KATHMANDU, May 30: Despite criticism from various quarters, the government has decided to provide Rs 60 million to each lawmaker in the House of Representatives elected under the First Past the Post (FPTP) system, for the development of their respective constituencies.
Finance Minister Yuba Raj Khatiwada announced an increase in the amount by 50 percent from the existing Rs 40 million for each of the 165 lawmakers. Although the finance minister was personally against budget allocation under this head amidst concerns that it was grossly misused by lawmakers as a pork barrel fund, sources said he was under pressure from both the ruling and opposition parties. Khatiwada said he has allocated Rs 9.9 billion for the purpose.
He also announced that the directives for the fund are to be revised in order to ensure a role for lawmakers from the National Assembly and also for those elected to the lower house under proportional representation.
Lawmakers from the ruling NCP had earlier lobbied hard to increase the Rs 40 million allocated to each of the 165 directly elected lawmakers of the lower house by at least 50 percent. Sources said the prime minister and other influential members of the ruling NCP had pressured the finance minister to allocate the budget accordingly.
While criticizing the government for increasing the fund for constituency development, the main opposition party Nepali Congress (NC) has said that the government had missed an opportunity to scrap a pork barrel arrangement that has courted controversy over its rampant misuse.
“I do not see any justification for increasing the fund. Federalism has already come into implementation. There are local governments in place down to the ward level. This program was introduced by our government at a time when there was no elected body in the country except the Constituent Assembly,” said NC lawmaker Minendra Rijal. “The finance minister had an opportunity to scrap it. I wonder why he couldn't take the decision.”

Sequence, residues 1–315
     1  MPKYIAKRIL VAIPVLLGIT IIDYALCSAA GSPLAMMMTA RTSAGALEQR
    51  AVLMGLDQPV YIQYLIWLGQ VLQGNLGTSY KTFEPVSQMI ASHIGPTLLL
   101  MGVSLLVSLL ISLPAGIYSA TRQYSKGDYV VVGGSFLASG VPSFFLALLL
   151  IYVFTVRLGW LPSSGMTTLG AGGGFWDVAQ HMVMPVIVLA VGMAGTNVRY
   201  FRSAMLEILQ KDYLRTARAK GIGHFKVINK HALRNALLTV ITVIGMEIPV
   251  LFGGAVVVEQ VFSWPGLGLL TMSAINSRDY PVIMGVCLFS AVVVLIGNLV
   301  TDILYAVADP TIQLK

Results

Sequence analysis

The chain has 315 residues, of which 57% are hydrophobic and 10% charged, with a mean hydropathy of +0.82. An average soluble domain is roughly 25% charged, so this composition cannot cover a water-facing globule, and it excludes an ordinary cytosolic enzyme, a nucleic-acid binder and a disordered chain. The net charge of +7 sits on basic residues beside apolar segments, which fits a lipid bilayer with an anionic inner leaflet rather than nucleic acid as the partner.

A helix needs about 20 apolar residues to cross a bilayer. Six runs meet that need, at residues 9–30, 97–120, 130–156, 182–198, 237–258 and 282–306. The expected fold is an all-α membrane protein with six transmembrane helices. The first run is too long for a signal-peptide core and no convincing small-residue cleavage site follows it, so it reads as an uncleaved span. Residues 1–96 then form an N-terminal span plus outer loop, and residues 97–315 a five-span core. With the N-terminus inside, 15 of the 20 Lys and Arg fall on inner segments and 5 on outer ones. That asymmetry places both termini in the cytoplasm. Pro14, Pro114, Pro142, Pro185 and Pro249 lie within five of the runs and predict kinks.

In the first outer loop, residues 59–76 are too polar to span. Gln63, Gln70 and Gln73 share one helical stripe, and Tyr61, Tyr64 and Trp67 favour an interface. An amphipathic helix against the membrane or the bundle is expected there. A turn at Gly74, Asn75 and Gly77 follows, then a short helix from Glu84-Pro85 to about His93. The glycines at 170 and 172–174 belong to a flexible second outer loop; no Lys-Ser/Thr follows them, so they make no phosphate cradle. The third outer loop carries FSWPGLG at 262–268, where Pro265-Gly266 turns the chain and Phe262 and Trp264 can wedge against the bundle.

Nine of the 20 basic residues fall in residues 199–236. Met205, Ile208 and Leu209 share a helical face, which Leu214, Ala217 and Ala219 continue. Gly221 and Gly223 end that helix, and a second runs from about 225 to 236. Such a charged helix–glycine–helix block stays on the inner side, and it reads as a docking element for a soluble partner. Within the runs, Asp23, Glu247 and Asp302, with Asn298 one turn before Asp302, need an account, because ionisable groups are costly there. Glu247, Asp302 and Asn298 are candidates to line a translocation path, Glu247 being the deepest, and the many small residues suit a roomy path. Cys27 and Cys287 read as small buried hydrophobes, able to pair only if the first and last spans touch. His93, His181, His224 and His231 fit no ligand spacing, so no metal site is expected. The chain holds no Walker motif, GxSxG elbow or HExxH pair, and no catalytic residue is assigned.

Ruling Nepal Communist Party (NCP) leader and former finance minister Surendra Pandey, however, defended the increment in the fund. “Of course, the budget is found to have been distributed for petty programs in some districts. But this can be corrected and the fund can be channeled into big projects by amending the directives,” he said.
The government initially allocated amounts of the budget for the Constituency Infrastructure Special Program and the Constituency Development Program. Finance Minister Khatiwada decided to merge the two programs into a Partnership Program in the current budget that he presented in parliament last year. Although the fund was started with an allocation of Rs 5 million for each lawmaker, this amount has now reached Rs 60 million .
However, this decision to budget the fund only for directly elected lawmakers has created serious dissatisfaction among the remaining 110 lawmakers in the lower house elected under the proportional electoral system and all 59 lawmakers of the National Assembly.Finance Minister Khatiwada has tried to woo them by announcing revisions in the directives to ensure a role for those elected under proportional representation also.